Decoding Deepavali and Diwali: A celebration of lights
DEEPAVALI and Diwali, although spelled differently, are both commemorated as the "Festival of Lights."
Both are known as the 'Feast of Lights,' but the more precise term is Deepavali, which is derived from Sanskrit and means 'a line of lamps.
However, in North India, the word Diwali is commonly used. The word Diwali is derived from the Sanskrit word Dīpāvali.
Taking it apart, the word “dipa” means “light” or “lamp” whereas the word “avali” means “a series” or “row”.
Together, they signify a series of lights, giving rise to the names Deepavali in the South and Diwali in the North for this vibrant celebration.
So, let's delve into the difference between Deepavali and Diwali.
Deepavali is a four-day celebration, with each day holding a special significance.
Naraka Chaturdasi Day
This marks the triumph of Lord Krishna over the demon Naraka. As a symbol of victory, people participate in an early morning bath before sunrise, under the shimmering celestial bodies.
The second day is dedicated to Goddess Lakshmi, who emerged from the Ocean of Milk (Kshira Sagara). Lakshmi Puja continues to be practiced today.
Kartika Shuddha Padwa, or Bali Padyami
This day honours Lord Vishnu in his Vamana incarnation, when he defeated the demon king Bali. It's also a celebration of Bali's return to Earth for his worship and benevolent deeds. This day marks the beginning of the Hindu month of Kartika.
On the fourth day, Yama, the Lord of Death, feasted with his sister Yami, who applied a tilak to his forehead for his well-being. In return for this act of sisterly kindness, brothers offer gifts to their sisters.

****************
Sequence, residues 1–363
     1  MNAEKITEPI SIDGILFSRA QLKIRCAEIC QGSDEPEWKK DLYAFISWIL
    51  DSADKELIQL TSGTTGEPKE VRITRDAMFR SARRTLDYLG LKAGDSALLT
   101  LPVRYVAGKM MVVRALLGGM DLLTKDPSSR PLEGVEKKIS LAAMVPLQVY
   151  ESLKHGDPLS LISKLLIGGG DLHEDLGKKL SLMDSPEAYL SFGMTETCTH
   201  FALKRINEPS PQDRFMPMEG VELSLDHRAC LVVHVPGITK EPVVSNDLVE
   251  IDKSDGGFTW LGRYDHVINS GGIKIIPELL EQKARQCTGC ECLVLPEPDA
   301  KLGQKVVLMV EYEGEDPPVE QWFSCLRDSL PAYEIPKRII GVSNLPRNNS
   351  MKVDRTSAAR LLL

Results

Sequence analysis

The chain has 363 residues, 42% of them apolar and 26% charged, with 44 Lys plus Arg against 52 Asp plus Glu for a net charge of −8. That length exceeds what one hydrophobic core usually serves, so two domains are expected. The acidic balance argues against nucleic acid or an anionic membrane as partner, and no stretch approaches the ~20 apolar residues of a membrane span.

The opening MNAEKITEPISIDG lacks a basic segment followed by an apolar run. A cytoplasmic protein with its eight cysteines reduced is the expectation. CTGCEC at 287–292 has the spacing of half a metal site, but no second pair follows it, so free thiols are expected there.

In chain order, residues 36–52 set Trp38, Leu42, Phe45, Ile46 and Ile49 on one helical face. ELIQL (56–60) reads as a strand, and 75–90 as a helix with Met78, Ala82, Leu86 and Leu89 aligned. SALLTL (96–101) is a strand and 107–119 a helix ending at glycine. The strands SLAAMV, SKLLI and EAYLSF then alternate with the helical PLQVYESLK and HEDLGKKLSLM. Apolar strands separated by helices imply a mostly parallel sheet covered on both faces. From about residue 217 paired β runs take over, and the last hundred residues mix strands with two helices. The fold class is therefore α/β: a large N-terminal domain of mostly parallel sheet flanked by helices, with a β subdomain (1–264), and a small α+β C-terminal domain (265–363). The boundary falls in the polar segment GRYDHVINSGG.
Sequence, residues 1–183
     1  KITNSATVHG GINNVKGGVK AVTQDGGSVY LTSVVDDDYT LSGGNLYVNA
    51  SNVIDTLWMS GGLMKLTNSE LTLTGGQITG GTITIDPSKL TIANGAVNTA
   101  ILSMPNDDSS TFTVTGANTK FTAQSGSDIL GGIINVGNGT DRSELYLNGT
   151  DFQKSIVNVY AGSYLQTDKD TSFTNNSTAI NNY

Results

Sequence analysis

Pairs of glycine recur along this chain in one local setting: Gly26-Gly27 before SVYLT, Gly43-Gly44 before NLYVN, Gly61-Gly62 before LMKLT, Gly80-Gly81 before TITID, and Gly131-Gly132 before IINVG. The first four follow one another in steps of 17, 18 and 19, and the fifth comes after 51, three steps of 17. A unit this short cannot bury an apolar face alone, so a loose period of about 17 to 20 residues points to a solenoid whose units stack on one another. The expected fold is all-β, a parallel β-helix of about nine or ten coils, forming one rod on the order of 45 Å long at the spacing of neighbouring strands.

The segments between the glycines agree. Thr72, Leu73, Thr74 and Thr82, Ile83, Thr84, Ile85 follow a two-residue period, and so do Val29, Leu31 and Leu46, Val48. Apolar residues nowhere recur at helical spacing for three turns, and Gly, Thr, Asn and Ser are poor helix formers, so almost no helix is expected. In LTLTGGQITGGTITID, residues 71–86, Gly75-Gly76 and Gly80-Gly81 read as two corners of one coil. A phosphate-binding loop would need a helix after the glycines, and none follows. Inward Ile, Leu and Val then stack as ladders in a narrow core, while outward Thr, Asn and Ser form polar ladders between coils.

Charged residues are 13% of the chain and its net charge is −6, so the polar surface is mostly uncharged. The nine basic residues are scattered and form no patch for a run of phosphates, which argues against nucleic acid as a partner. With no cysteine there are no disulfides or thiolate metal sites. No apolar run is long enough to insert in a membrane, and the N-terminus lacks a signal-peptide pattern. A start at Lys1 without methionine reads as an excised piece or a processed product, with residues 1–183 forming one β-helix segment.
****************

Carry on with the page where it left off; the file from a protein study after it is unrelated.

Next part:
Meanwhile, Diwali is a five-day celebration in North India.
Before Diwali - Dhanteras Marking
Lord Ram's return to Ayodhya after his exile. The festivities commence two days before the main Diwali day with "Dhanteras." Dhanteras commemorates the birth of Dhanvantari, the divine healer of idols, with "Dhan '' symbolising wealth, akin to South India's Goddess Lakshmi. It's also the start of the business accounting year.
The day following Dhanteras is "Choti Diwali" or "Kali Chaudas," coinciding with South India's Deepavali. It's the second day in North India's celebration, dedicated to the vanquishing of the demon Narakasura by Lord Krishna.
Diwali and Lakshmi Puja
The third day is "Diwali and Lakshmi Puja," celebrating Lord Rama's return to Ayodhya after defeating Ravana. Both North and South India perform Lakshmi Puja on this day, with a shared myth of Lakshmi emerging from the Ocean of Milk.
The day after Diwali is "Govardhan Puja '' or "Annikut," commemorating Krishna's victory over Indra, the god of rain and thunder, by lifting the Govardhan hill. In South India, it corresponds to "Bali Padyami," signifying the return of King Mahabali to Earth.
The fifth and final day is "Bhai Dooj," similar to Deepavali's "Yama Dvitiya." Sisters invite their brothers home, praying for their success by marking their foreheads with a symbol of prosperity. Brothers reciprocate with material gifts.
In a culturally diverse nation like Malaysia, it is important to note that the Malaysian Indian community is diverse. They are comprised of Tamils, Sikhs, Punjabis, Telugus, Malayalees, and many other ethnic groups within the community.
Whether you prefer to call it Deepavali or Diwali, the essence of it remains the same: embracing light over darkness, finding the good in others, and spreading positivity.
Let's conclude this year with a joyous celebration filled with laughter, delectable Indian treats, and spectacular fireworks. May this Festival of Lights shower you with boundless happiness and love.